On 28 April 2009 the European Community (the “EC”) acceded to the Convention on International Interests in Mobile Equipment and its Aircraft Protocol (the “Cape Town Convention” or the “Convention”) which accession will come into effect on 1 August 2009.
The accession by the EC has been long awaited and is an important step in the development and progression of the Cape Town Convention. The delay in the EC acceding to the Cape Town Convention was caused by political tensions in relation to Gibraltar between the UK and Spain1. This issue was resolved after a compromise was reached between the UK and Spain thereby allowing the EC to ratify a number of international treaties including the Cape Town Convention.
Further ratification is required by the individual Member States of the EC in order for the Members States themselves to become Contracting States within the meaning of the Cape Town Convention. Ireland has already ratified the Cape Town Convention which has been given force of law in Ireland pursuant to the International Interests in Mobile Equipment (Cape Town Convention) Act 2005. Ireland was the first Member State to ratify the Convention and it has since also been ratified by Luxembourg. A number of Member States have signed the Convention including France, Germany, Italy and the UK and it is hoped that the EC accession will pave the way for these countries to each ratify the Convention.
The EC acceded to the Convention as a regional economic integration organisation and it covers those aspects of the Cape Town Convention in respect of which the EC has legal competence. The EC does not itself count as a Contracting State, however, it will have the rights and obligations of a Contracting State to the extent that it has competence over matters governed by the Convention. As required under the Convention the EC made a declaration under Article 48 of the Convention declaring the areas under the Convention over which it has jurisdiction which are matters relating to jurisdiction and the recognition and enforcement of judgements in civil and commercial matters2, insolvency proceedings3 and the law applicable to contractual obligations (Rome I)4. No declaration was made with regard to choice of law nor was a declaration made with regard to Alternative A or Alternative B in connection with insolvency remedies5.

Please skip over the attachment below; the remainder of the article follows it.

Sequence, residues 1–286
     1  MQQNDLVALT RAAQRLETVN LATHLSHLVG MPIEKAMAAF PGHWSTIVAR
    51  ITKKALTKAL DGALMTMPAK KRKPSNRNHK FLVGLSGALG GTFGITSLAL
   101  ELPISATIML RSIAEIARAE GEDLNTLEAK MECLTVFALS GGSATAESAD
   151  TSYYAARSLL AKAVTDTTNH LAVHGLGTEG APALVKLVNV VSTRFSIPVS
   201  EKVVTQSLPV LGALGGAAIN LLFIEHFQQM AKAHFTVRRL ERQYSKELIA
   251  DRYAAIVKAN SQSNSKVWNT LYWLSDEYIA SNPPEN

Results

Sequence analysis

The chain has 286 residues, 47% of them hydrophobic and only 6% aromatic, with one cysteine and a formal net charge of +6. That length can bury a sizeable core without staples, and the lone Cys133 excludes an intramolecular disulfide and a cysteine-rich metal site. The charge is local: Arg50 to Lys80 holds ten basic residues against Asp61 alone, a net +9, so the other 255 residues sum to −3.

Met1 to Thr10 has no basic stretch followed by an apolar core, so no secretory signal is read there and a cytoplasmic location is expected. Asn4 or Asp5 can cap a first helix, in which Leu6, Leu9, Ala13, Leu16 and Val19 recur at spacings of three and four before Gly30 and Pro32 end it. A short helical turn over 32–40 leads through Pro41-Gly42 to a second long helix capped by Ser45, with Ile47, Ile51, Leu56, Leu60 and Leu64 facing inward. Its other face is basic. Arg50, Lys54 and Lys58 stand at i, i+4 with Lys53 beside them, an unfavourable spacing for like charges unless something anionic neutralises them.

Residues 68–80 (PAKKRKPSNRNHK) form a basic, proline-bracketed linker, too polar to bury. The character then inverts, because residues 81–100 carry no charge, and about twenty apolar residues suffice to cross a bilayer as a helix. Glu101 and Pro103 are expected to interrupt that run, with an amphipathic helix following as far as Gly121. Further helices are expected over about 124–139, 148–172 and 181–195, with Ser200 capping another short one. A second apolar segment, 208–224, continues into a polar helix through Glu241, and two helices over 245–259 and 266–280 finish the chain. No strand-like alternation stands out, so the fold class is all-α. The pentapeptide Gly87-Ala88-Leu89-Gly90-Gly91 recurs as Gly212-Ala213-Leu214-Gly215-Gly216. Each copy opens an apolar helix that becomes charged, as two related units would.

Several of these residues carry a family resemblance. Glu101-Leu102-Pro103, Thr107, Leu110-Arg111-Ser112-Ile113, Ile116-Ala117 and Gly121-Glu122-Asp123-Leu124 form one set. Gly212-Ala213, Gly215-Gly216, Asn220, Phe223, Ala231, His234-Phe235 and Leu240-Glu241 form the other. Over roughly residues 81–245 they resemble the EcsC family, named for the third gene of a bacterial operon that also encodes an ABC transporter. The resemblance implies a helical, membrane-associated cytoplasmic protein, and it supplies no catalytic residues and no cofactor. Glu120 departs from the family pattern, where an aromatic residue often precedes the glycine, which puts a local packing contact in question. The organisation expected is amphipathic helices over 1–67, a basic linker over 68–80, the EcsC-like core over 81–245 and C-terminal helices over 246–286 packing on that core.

Background: The Cape Town Convention is designed to establish an international legal regime for the creation, enforcement, registration and priority of security interests and interests held by chargees, conditional sellers and lessors in aircraft and aircraft engines. The objective of the Convention is to support asset-based financing by providing greater certainty, clarity and confidence to financiers resulting in increased levels of finance being made available to borrowers at a lower cost. The International Registry established pursuant to the Cape Town Convention is located in Ireland and is operated by Aviareto Limited. The Registry is an internet based electronic database (www.internationalregistry.aero) for the registration and protection of ‘international interests’ in aircraft and aircraft engines which are recognised by all Contracting States to the Convention with priority being determined on a ‘first-to-file’ basis. There are currently 28 Contracting States.